We went to Best Buy1 and purchased the aforementioned SB350. We did successfully hook up the device, with some missteps in the process, and no help from the instructions in the box. These instructions, a truly pointless gesture were, I imagine, born out of some murky swamp of middle management.
Why keep up appearances and print up instructions if you are only creating rubbish? Ask your Yes Men, they’ll have an answer for you. I, however, do not. While it is not the most expensive home theatre solution, it is neither the cheapest; it is also considerably more costly than the particleboard furniture units that its multitude of owners have no doubt perched it on. Yet, the fruits and joys brought about from the labors of deciphering the hieroglyphs in the literature included with particleboard furniture and the SB350 are equivalent. The attitude regarding consumer expectations about instructions, hard copy or electronic2, seem to be that they are either irrelevant or non-existent.
There were two documents in the box. The first was the quick start guide, a foldout pamphlet with flea-circus sized diagrams and 7pt type, sans a Sherlock Holmes magnifying glass to actually read it. The second piece of literature that the SB350 came with was an 80 page booklet, recalling those of Jack T. Chick, and emblazoned with an exclamation point in a traffic sign. Once again laid out in flea-man-type, this booklet outlines a series of warnings that must absolve someone from culpability in those instances where an individual decides to take a bubble bath with their woofer speaker, or try and dispose of the soundbar in their sink’s garbage disposal.
Home theatre installation is a lot less complex than it used to be. Marketed as plug and play, the SB350 soundbar has one wire that connects to the TV, either a HDMI, or an optical cable, and a woofer that it has to be wirelessly paired with. However, we still encountered difficulties. One problem manifested when the volume control on the TV remote and soundbar were paired. After doing this, when volume was increased (or decreased) both sound from the TV and soundbar were raised or lowered, causing a doubling effect in the audio. There was no clear way to override the TV’s sound or disable it. Eventually this somehow magically rectified itself. How? Ask the whimsical fairy who also decided to eventually grant my wish after five frustrating hours that my Brother Printer was worthy to be on my wireless network. A small section in the instructions on troubleshooting, even perhaps a section about speaker placement, would have been welcome. Apparently this is something that is just not done, because consumers are either technical wizards and just know how to do this, or they are idiots who are going to fuck it up anyway.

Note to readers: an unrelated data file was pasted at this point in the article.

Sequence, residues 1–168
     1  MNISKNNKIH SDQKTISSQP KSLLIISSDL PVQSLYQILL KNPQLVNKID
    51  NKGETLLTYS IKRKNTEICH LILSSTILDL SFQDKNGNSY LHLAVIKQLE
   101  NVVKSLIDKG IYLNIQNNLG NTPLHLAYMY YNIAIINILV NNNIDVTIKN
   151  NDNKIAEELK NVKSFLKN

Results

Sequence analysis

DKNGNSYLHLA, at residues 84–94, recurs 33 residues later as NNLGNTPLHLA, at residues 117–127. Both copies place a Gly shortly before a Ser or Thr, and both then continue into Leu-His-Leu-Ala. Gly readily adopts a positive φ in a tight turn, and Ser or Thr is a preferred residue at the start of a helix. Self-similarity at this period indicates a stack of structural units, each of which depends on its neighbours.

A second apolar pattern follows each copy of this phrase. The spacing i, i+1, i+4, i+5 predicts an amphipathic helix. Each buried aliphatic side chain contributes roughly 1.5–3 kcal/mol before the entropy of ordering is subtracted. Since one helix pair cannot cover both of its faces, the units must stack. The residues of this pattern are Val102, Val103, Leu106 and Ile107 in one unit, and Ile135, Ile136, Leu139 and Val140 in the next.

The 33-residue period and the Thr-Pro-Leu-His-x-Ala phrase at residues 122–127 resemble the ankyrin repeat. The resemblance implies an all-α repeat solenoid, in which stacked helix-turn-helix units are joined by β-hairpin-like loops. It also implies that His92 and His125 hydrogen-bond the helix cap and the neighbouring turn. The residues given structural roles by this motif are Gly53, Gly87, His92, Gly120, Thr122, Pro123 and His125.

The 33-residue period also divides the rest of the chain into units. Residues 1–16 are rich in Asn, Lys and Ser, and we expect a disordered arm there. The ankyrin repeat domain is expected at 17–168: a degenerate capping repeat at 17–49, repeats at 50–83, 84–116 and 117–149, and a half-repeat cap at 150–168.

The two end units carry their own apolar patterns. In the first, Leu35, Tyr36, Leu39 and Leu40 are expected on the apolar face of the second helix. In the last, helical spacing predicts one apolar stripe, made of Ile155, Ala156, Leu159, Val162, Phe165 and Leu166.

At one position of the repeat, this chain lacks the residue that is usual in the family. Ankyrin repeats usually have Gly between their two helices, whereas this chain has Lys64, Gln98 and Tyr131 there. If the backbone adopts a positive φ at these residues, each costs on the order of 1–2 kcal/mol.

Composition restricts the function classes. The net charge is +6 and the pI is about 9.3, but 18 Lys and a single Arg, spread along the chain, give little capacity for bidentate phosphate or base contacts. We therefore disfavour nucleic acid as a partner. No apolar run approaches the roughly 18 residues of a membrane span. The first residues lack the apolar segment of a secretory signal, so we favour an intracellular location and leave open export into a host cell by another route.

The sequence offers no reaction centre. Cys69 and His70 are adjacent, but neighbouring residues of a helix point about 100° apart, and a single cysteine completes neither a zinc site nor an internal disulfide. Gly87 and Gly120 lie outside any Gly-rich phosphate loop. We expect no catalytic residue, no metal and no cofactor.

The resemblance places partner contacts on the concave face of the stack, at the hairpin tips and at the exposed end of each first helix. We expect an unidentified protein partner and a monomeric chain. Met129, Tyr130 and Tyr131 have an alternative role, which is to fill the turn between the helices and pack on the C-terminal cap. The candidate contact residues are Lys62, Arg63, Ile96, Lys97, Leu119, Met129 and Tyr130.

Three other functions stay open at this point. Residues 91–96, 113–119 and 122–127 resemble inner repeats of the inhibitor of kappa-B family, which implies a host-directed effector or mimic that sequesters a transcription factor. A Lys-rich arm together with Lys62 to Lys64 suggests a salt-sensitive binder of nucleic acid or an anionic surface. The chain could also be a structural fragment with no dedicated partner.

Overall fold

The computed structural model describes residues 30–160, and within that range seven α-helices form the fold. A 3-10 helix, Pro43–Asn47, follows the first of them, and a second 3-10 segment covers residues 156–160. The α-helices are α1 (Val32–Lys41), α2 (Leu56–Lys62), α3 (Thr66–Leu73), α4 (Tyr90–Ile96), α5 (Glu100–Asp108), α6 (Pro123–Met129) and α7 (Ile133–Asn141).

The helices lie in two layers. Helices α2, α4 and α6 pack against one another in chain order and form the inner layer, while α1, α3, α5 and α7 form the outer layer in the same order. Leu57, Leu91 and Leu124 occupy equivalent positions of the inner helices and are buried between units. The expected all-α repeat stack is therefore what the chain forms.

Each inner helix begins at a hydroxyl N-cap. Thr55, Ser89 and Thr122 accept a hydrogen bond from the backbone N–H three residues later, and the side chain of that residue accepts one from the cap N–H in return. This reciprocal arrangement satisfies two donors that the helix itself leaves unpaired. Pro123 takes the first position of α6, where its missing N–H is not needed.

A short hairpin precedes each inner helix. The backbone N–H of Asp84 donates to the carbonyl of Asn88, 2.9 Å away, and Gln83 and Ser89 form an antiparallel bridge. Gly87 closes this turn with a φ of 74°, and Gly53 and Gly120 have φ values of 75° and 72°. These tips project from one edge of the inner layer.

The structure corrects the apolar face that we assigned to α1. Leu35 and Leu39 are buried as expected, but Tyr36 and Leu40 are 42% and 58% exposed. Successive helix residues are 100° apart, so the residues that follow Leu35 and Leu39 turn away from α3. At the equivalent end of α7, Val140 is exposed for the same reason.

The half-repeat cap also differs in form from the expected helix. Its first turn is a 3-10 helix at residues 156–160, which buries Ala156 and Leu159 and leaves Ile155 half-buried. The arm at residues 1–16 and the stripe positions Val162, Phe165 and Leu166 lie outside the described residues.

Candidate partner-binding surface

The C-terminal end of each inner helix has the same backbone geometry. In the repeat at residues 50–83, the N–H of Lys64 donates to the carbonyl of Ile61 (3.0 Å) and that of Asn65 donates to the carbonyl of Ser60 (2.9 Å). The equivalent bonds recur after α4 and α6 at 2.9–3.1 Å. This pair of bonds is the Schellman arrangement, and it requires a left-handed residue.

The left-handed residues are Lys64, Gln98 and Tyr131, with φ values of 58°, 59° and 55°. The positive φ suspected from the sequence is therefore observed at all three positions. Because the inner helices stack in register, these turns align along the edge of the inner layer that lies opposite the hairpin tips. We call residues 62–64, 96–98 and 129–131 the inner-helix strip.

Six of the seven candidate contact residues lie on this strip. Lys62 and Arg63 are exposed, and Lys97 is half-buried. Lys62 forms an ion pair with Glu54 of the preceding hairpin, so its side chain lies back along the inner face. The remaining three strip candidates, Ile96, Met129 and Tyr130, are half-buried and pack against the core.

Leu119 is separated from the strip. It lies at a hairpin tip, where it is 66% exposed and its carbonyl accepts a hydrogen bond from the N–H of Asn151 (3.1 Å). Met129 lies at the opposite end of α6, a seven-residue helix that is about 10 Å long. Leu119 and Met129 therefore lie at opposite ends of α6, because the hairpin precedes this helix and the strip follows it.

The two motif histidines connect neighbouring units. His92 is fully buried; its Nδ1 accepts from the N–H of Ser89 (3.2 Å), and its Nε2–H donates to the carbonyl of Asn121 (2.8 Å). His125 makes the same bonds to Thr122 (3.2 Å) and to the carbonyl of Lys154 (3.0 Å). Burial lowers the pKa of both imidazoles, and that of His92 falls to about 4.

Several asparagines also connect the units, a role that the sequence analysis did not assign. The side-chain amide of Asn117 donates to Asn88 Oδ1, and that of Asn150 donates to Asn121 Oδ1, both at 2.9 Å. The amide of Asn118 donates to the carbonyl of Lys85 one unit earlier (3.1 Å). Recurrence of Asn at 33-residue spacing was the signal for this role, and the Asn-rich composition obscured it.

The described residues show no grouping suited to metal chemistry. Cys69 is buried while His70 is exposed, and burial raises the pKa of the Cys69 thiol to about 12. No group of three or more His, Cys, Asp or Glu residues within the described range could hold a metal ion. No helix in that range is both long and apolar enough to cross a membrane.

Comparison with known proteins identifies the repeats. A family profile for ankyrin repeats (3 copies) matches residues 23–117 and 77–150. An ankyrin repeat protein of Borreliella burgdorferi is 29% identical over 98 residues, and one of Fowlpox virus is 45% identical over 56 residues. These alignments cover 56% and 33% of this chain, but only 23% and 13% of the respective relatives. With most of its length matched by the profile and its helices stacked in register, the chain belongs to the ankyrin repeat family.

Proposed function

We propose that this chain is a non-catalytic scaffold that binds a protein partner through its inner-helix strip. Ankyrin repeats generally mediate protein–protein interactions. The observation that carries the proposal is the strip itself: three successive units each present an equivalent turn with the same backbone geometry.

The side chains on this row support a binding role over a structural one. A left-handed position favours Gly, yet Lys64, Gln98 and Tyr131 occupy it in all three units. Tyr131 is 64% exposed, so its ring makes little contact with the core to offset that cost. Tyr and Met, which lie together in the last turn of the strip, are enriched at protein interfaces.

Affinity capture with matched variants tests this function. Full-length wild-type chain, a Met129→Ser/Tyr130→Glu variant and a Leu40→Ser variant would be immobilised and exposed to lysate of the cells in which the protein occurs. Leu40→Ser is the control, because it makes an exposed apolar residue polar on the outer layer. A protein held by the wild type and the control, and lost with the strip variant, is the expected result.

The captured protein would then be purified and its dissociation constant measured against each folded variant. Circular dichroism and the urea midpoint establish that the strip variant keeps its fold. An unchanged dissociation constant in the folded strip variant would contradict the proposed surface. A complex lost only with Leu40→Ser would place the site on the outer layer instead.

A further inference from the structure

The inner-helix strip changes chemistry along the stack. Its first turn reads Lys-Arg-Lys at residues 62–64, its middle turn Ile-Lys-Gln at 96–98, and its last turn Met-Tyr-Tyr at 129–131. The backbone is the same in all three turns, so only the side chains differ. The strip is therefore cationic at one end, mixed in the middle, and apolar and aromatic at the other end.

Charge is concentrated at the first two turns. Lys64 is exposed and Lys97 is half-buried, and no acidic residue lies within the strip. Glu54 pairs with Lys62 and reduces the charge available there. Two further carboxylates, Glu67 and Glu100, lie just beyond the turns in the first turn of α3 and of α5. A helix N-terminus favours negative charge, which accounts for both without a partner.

How does the JBL (Harman Kardon), Cinema SB350 sound? If you ask me, who gives a shit. If the company won’t try, neither will I.
Note: This was an older post that (for some reason) I never got around to putting up.
- Best Buy is becoming something of a dinosaur in these times; I wonder what will happen first, if it will finally fold, or humanity will experience the sixth great extinction brought on by consumerism. ↩︎
- JBL also has the quick start guide available for download on their site. ↩︎
I was cleaning up my iTunes library when I came across this voice memo. It’s actually not that good. I connected too fast. Post your impression of a modem below.
This mid-side stereo recording was made approximately an hour before dawn1 in Northeast, Minneapolis on July 9th, 2016. Other than instances such as bugs hitting the microphone blimp, there are few edits in the recording. I did roll off at 60 Hz; on my system this has a slight effect on the train sounds, the first of which appears around minute 20, but I felt the cut was beneficial in getting rid of some other boominess of the air. The train still sounds accurate in relation to where I was2.
Why is Element 115, errr, Moscovium important? Bob Lazar is why. I don’t remember all the details from the video we got,1 but I seem to remember Mr. Lazar claiming that Element 115 was ultra stable, unlike most of the heavy man-made elements.2
Anyway, not much else to say on this. Though if anybody has a good copy of the video, I wouldn’t mind watching it again.
“Sunday Dogs” is a short instrumental. I should have probably added barking dogs to it, but I decided not to make it an intense affair and more of a moment before the barking begins affair.